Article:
Just in time for the holiday season, Amazon Studios has released The Aeronauts, a soaring historical adventure film about the perils faced by a Victorian scientist and a balloonist attempting to fly higher than anyone before them. Granted, the characters might be a bit thinly drawn when it comes to emotional depth, and the earth-bound first act is solid, if unremarkable, period drama. However, once the film (literally) gets off the ground, it blossoms into a gripping, thoroughly entertaining epic tale of survival at punishing altitudes. Above all, the film looks spectacular; every frame is practically a canvas, painted in vibrant, almost Disney-esque hues.
(Some spoilers below.)
The Aeronauts is a fictionalized account of a historic balloon flight by pioneering meteorologist James Glaisher. He and his pilot, Henry Coxwell, made several balloon flights to measure the temperature and humidity of the upper atmosphere between 1862 and 1866. Armed with scientific instruments and bottles of brandy, Glaisher and Coxwell set a world-altitude record, reaching an estimated 38,999 feet (11,887 meters) on September 5, 1862. They were the first men to reach the atmospheric stratosphere, and they did it without the benefit of oxygen tanks, pressure suits, or a pressurized cabin.
Welcome to Ars Cardboard, our weekend look at tabletop games! Check out our complete board gaming coverage at cardboard.arstechnica.com.
Some folks use "family game" as a pejorative. Not me. For one thing, I happen to like my family. More importantly, as a player and critic of board games, it is my holy duty to introduce as many games as possible to my family. In the cardboard eschaton, all games shall be family games, because families will play anything and everything together.
With that very important disclaimer out of the way, it's now time to announce that Prospero Hall's Horrified is my favorite family game of the year.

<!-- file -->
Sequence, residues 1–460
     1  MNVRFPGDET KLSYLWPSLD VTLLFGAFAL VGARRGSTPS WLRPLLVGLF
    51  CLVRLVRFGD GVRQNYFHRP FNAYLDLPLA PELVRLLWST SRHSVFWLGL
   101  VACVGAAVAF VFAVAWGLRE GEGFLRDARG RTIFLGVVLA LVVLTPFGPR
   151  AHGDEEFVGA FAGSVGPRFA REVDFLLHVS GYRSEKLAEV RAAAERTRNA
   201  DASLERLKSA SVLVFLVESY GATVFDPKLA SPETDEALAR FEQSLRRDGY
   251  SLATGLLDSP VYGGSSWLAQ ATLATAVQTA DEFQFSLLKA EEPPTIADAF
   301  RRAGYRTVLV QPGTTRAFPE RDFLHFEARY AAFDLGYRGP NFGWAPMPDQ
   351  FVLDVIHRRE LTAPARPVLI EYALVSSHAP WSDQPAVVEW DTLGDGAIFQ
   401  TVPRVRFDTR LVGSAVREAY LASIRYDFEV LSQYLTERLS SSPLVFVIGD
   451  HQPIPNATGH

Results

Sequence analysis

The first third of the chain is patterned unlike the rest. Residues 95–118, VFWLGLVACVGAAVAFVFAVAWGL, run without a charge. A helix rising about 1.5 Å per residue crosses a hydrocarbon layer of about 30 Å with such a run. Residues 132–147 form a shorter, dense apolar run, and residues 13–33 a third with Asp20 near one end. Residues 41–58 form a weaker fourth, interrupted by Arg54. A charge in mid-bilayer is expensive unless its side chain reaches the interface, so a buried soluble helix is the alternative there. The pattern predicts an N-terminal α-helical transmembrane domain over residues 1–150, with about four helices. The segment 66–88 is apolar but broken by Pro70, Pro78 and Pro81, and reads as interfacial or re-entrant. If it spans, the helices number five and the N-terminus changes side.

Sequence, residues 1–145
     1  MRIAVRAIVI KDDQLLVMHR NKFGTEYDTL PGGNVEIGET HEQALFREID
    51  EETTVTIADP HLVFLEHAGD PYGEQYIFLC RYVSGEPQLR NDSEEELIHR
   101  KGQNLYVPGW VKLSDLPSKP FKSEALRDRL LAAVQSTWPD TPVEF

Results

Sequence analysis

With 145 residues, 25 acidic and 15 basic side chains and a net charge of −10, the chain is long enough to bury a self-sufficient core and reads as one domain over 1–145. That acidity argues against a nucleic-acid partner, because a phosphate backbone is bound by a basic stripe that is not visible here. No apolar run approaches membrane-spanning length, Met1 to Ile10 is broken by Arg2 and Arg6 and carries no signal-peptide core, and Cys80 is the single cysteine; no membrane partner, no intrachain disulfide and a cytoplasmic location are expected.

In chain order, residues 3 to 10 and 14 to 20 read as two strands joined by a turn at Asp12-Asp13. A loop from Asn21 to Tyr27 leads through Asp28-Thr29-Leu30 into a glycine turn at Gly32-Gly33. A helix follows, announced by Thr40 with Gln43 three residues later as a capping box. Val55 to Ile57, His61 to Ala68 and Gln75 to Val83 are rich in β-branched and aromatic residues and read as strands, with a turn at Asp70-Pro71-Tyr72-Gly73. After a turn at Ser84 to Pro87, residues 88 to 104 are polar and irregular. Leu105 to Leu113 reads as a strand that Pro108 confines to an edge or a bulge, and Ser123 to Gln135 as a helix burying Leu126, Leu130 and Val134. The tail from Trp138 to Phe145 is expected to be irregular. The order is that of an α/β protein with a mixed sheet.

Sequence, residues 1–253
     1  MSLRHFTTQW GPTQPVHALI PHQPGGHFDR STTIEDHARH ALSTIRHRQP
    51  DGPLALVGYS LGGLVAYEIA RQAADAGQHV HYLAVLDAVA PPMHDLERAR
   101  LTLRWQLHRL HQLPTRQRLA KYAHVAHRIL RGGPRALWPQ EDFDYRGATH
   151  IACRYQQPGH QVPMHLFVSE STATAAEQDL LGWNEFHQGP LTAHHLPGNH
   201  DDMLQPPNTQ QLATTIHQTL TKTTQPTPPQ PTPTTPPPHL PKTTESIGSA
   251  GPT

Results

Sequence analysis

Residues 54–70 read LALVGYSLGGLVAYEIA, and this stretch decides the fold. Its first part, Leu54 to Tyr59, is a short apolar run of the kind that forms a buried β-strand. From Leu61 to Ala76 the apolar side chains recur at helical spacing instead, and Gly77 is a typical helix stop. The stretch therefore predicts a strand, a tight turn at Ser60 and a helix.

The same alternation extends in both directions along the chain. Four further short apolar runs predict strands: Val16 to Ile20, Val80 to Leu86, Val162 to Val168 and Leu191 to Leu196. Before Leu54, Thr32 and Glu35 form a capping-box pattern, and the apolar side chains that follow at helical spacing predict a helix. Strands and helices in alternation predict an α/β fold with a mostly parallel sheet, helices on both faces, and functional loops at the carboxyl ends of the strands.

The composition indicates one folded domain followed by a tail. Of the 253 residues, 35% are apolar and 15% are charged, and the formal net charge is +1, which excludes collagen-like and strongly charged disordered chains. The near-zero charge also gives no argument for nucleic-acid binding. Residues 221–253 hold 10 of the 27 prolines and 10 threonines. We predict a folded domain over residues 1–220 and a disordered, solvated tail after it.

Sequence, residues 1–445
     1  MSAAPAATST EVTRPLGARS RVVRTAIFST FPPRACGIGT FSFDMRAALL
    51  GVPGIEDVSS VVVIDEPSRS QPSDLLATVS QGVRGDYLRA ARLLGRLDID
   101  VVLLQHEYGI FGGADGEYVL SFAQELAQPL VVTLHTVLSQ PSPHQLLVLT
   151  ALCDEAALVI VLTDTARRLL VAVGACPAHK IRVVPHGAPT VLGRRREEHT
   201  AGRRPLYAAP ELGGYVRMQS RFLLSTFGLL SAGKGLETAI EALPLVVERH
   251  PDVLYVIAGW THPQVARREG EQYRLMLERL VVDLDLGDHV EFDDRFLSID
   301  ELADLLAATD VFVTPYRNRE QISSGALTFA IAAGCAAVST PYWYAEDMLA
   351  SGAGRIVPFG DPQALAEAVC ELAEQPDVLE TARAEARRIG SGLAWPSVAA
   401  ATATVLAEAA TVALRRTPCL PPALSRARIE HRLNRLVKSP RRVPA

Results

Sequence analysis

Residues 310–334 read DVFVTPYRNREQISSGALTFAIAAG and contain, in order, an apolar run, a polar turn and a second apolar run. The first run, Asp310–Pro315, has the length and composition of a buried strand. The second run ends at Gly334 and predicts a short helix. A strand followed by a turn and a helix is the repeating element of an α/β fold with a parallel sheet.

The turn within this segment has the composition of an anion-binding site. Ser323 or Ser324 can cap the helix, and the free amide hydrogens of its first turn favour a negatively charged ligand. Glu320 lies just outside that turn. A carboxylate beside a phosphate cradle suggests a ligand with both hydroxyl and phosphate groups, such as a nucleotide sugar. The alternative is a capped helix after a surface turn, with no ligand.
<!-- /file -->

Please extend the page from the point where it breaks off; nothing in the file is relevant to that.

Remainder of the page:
For the last year, NASA's OSIRIS-REx spacecraft has been circling a large asteroid named Bennu that regularly passes uncomfortably close to Earth. The spacecraft has been painstakingly mapping the asteroid's rocky surface using a suite of cameras and other instruments that will help it determine where to land next year. Once NASA selects a final landing site, OSIRIS-REx will kiss Bennu just long enough to scoop up a sample to bring back to Earth in 2023.
Many scientists expect the Bennu sample to revolutionize our understanding of asteroids, especially those that are near Earth and pose the greatest threat from space to life as we know it. But as detailed in a paper published this week in Science, NASA has already started making surprising discoveries around this alien world. Earlier this year, the OSIRIS-REx team witnessed particles exploding from the asteroid's surface—and the team's not sure why.
"No one has ever seen an active asteroid up close like this," says Carl Hergenrother, an astronomer at the University of Arizona and the scientist who proposed Bennu as the target for OSIRIS-REx. "It wasn't that long ago that the conventional wisdom was that asteroids are these dead bodies that didn't change very much."
Jeremy Corbyn claimed the papers proved "the NHS is for sale" when he highlighted them at a press conference.
Back on January 27, 2010, a very Big Thinker declared the PC dead. A decade later, the PC is very much alive, although a time traveler from 2010 might not recognize it. Here's how this endangered species evolved and survived.
Decorative pavements in the floor of a recently unearthed Roman house in Pompeii offer a glimpse into the life and work of an ancient land surveyor. The pavements depict a stylized drawing of an ancient surveyor’s tool called a groma, along with a diagram of a surveying technique and the plan of a construction project in Pompeii. So far, they’re the only original Roman illustrations of the tools and techniques the Romans used to help build an empire and its infrastructure.The land surveyor’s house
Only a few metal fragments of a Roman groma exist today (also recovered from Pompeii), and archaeologists have found only a few images carved into surveyors’ tombstones. Otherwise, we know the tool only from descriptions in medieval versions of ancient Roman surveying manuals.
The newly unearthed pavements at Pompeii suggest that those medieval copies were pretty close to the original ancient texts. An image on the floor of the entrance hall is nearly identical to illustrations in medieval copies of Roman texts, attributed to Roman surveyor Hygius and famed architect Vitruvius.
Specially designed tech is allowing Adam, who has Down's syndrome, to live without in-home carers.
The use 21 separate electronic record systems in NHS hospitals across England 'could lead to errors'.
It wants to electrify England's buses by 2030, but the Tories say Labour would "scrap vital new roads".